• What do you mean by "COPY naming a file"?
    – SametSahin
    Oct 4, 2022 at 12:00

I had the issue when I was trying to export data from a remote server into the local disk. I hadn't realised that SQL copy actually is executed on the server and that it tries to write to a server folder. Instead the correct thing to do was to use \copy which is the psql command and it writes to the local file system as I expected. http://www.postgresql.org/message-id/CAFjNrYsE4Za_KWzmfgN1_-MG7GTw_vpMRxPk=OEjAiLqLskxdA@mail.gmail.com

Perhaps that might be useful to someone else too.


Another way to do this, if you have pgAdmin and are comfortable using the GUI is to go the table in the schema and right click on the table you wish to import the file to and select "Import" browse your computer for the file, select the type your file is, the columns you want the data to be imputed into, and then select import.

That was done using pgAdmin III and the 9.4 version of PostgreSQL

  • This option no longer exists on pgAdmin III May 23, 2018 at 10:34
  • 1
    This worked like a charm. By far the easiest way to accomplish the objective.
    – user12217470
    Jul 20, 2021 at 11:50

I resolved the same issue with a recursive chown on the parent folder:

sudo chown -R postgres:postgres /home/my_user/export_folder

(my export being in /home/my_user/export_folder/export_1.csv)


for macbook first i opened terminal then type

open /tmp

or in finder directory you directly enter command+shift+g then type /tmp in go to the folder.

it opens temp folder in finder. then i paste copied csv file into this folder.then again i go to postgres terminal and typed below command and then it is copied my csv data into db table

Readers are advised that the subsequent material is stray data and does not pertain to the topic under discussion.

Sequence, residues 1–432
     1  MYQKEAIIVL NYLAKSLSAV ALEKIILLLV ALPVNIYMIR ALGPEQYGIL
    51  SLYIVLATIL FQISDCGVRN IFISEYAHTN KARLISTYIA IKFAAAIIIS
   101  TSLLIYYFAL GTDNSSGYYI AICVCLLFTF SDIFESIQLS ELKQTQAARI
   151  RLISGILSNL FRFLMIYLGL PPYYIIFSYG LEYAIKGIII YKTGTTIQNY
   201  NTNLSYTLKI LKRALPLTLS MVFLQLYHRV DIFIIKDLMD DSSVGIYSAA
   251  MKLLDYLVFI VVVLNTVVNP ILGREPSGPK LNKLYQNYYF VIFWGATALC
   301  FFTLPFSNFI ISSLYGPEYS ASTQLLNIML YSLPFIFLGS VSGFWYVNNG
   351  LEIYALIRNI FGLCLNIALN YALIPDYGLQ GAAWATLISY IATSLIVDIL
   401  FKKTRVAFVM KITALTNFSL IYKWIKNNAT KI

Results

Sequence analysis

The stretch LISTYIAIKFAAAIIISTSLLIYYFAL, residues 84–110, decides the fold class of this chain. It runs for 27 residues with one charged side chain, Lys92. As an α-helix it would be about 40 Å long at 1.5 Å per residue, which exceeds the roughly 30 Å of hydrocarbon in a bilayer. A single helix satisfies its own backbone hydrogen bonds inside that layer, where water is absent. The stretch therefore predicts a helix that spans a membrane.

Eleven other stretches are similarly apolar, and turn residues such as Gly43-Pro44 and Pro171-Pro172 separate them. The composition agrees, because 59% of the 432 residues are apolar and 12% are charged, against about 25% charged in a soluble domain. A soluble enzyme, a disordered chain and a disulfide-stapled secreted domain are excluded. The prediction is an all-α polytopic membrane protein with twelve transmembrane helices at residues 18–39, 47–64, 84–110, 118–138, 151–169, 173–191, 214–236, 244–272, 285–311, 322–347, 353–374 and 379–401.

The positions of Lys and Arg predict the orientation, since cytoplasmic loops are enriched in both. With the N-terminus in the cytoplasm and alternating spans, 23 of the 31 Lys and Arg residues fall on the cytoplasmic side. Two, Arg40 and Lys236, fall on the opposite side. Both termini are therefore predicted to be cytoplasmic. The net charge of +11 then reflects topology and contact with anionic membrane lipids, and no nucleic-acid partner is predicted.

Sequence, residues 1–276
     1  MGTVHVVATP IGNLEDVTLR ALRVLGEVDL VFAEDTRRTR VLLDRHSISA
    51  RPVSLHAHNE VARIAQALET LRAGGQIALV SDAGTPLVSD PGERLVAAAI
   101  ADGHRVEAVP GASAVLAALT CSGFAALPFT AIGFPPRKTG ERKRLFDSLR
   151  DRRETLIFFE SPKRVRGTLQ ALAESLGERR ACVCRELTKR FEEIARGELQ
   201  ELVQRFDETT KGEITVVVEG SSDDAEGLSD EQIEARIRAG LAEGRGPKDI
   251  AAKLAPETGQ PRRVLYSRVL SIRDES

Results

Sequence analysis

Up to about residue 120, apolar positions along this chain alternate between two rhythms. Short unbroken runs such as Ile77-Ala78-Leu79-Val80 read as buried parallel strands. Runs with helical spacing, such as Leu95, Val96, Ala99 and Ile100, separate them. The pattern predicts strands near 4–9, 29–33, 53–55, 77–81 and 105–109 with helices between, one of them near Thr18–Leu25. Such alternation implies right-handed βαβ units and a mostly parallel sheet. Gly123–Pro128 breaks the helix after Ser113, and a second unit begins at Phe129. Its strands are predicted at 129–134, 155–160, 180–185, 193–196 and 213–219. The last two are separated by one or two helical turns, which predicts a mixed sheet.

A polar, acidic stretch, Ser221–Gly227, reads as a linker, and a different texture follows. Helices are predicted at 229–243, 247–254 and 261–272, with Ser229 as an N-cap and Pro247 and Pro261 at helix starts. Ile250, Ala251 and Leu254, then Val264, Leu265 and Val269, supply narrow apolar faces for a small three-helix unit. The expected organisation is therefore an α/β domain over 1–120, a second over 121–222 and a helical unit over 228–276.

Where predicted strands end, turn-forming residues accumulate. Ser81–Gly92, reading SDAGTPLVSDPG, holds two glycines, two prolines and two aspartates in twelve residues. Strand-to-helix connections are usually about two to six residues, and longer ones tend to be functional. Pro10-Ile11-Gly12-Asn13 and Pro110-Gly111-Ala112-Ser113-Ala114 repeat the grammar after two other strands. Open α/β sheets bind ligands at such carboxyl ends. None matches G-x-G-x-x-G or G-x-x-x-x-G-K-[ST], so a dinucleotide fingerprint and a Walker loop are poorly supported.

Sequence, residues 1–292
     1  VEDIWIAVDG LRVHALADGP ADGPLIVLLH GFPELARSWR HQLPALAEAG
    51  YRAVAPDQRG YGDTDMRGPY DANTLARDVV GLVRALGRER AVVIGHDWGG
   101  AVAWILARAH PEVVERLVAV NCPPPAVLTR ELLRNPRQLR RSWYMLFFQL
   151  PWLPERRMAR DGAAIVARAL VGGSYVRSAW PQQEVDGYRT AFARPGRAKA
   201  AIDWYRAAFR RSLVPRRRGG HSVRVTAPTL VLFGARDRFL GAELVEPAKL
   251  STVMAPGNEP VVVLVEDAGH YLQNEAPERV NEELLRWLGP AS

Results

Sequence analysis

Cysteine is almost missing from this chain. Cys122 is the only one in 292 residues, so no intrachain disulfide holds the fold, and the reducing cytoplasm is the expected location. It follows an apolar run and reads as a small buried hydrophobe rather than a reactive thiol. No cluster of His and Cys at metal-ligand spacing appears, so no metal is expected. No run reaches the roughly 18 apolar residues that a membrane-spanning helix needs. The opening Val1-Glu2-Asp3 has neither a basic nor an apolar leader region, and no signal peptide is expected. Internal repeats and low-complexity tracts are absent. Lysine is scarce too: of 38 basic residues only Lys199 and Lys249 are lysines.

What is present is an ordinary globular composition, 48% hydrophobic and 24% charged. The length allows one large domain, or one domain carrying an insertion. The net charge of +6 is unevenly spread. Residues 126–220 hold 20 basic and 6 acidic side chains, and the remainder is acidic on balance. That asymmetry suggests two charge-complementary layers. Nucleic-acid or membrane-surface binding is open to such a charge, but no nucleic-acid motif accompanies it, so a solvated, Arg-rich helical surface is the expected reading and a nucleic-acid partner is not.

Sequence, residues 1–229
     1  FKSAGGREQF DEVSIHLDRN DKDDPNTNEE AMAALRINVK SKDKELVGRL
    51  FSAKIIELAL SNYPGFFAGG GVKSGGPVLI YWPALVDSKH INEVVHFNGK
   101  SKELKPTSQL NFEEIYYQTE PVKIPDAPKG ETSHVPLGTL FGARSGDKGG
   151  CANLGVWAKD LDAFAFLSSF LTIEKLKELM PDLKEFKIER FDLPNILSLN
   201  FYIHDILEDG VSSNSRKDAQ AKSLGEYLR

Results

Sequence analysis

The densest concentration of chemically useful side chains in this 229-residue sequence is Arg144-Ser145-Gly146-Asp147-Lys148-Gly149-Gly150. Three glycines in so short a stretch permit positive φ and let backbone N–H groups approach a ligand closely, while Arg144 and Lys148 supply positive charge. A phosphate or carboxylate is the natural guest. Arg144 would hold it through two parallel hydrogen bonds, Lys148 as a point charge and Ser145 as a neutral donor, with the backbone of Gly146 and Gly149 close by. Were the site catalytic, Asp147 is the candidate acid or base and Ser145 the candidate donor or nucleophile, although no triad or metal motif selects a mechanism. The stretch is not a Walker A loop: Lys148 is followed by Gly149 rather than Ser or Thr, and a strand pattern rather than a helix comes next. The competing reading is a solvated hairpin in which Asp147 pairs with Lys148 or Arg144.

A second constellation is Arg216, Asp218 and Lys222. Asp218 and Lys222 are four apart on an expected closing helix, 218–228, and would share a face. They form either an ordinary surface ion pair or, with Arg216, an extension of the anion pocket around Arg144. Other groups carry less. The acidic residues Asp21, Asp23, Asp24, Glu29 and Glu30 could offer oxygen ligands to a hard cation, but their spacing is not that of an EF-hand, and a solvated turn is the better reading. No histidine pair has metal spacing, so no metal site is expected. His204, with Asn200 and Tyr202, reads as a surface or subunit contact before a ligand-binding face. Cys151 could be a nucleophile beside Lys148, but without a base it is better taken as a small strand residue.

\copy recharge_operator FROM '/private/tmp/operator.csv' DELIMITER ',' CSV;
  • Why does this work? and does it mean all the CSV files we want to import has to be copied into this folder from now on? Aug 19 at 23:19

You must grant the pg_read_server_files permission to the user if you are not using postgres superuser.


GRANT pg_read_server_files TO my_user WITH ADMIN OPTION;
  • Executing this gave me ERROR: role "pg_read_server_files" does not exist
    – SametSahin
    Jul 26, 2020 at 16:33
COPY your table (Name, Latitude, Longitude) FROM 'C:\Temp\your file.csv' DELIMITERS ',' CSV HEADER;

Use c:\Temp\"Your File"\.

  • This solution throws the same error for me. ``` enceladus=# COPY master_plan enceladus-# FROM 'C:\Windows\Temp\master_plan.csv' enceladus-# WITH DELIMITER ',' HEADER CSV; ERROR: could not open file "C:\Windows\Temp\master_plan.csv" for reading: Pe rmission denied Mar 14, 2022 at 18:35

For me it worked to simply to add sudo (or run as root) for the chown command:

sudo chown postgres /users/darchcruise/desktop/items_ordered.csv


I just copied the source csv file to another folder in which you have more permissions (C:/temp), and it worked fine.


In Mac, did the following

open /tmp from terminal

/tmp folder opens in finder

Manually copied .csv data file to /tmp

Run command from query tool. COPY tableName FROM '/private/tmp/employee.csv' DELIMITER ',' CSV HEADER;